Journalism In Verse

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What Was His Name?

in Politics by

What was his name?
That man who hung himself
in a Texas jail
in a padded cell,
arrested for dreaming
of a new and better life
for his three-year-old son
and now this is an actual quote
from the Washington Post:
They had to use physical force
to take the child out of his hands.
Everyone is complicit,
even the god damn Post.
Who’s kidding whom?
Who wouldn’t go mad?
Seeing your three-year-old child
also locked up,
in a mean kind of cage.
Yes, he who saw his wife,
yes, he who saw his mother
forcibly restrained,
torn away,
wrenched apart.
She saw her husband
handcuffed and shackled
her wild eyes commanding
with unsilent lips.
What madness,
what suffering,
this mother of all exiles—
whole damned families
tempest-tossed,
reason lost
on our wretched shores.

Don’t kid yourself,
you’d go mad,
the torture of not knowing—
it kills. I know that feeling. I’ve felt it,
spirit-body broken,
shattered when you see
your child reach out
out of reach.
You would do anything
but you’re powerless.
Their guns, their chains,
their multitudinous bodies
uniform, all the same
armed cold faces
pinning you to the filthy earth
but you will always see her eyes
full of tears
her throat
full of screams.
Such a sight breaks a person,
strips them naked,
leaves nothing but despair
bottomless
and for what?
Not for crimes of violence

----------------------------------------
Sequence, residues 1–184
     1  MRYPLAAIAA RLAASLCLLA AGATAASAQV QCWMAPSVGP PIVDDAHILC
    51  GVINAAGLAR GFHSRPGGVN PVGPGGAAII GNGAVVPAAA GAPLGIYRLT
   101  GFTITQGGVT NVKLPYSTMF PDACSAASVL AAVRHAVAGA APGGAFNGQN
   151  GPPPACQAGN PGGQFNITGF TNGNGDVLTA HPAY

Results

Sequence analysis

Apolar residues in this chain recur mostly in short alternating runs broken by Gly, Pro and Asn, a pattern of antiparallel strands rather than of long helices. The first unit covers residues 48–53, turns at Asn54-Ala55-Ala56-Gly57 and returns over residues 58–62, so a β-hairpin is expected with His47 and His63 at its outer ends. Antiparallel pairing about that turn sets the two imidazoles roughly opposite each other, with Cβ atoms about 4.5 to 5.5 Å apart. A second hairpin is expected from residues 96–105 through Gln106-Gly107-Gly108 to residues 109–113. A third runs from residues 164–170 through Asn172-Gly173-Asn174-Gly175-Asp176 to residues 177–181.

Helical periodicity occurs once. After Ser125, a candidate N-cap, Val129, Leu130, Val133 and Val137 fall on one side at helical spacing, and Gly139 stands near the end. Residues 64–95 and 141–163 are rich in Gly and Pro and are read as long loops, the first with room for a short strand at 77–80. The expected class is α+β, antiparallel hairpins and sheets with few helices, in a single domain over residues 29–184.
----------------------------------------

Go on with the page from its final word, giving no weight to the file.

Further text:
nor acts of terror,
not for stealing food,
nor shelter,
nor even a job.
For yearning to breathe free,
for hoping to build a better life,
for suffering in plain sight,
for crossing what seemed
a million miles or more.
Now your child’s ripped away,
your husband or wife in cuffs.
It would break you, as it breaks me,
sobbing, weeping, raging
against the injustice.

Honduras
U.S., the frightful fearful sight.
Them, the original banana republic
we built, we broke, we own this.
Gringo bullies spent millions, even billions,
destroying their country, their lives,
their past, present, and future.
Like so many others
we stole both their good soil and hope
till there was nowhere left to go
but to the so-called golden shore
where the guns and bombs come from,
where all the money went,
where out-of-date myths claim
anyone could become someone here.
They came so far, got so close,
all the way to Granjeno, Texas.
Even the name is Spanish,
meaning dense spiny bush
full of edible berries.
It was once a part
of the great Mexican empire
before we stole it, too,
at gunpoint.

You know him, you saw his photo
like those children washed up
in their bright new clothes
laying face-down, dead on the shore.
For a brief moment he was the news,
not just here but everywhere.
Then we forgot him, his name, his pain.
Like him, we were overwhelmed,
crushed by the onslaught,
the relentless slaying blows
that seem to never slow.
His name was Marco Antonio Muñoz.
He was 39.
Don’t tell me you can’t understand
why he chose to take his life.
We are all complicit.

 


READ MORE

Honduran man seeking asylum commits suicide after separation from family [Colorlines]
A family was separated at the border, and this distraught father took his own life [Washington Post]
Trump’s cruel border policy created a needless crisis. It’s far from over [The Guardian]


An ink stained wretch, Fred Dodsworth spent most of the last 30 years in newsrooms picking fights. The truth is a slippery bastard and he lost most of those fights. Now he writes poetry and fiction because there’s more truth to be found in fiction than in any news story ever printed.

Marco Antonio Muñoz, seen above in a handout photo from the Starr County Sheriff’s Office, was found dead in his jail cell May 13. (Starr County Sheriff’s Office/Starr County Sheriff’s Office)

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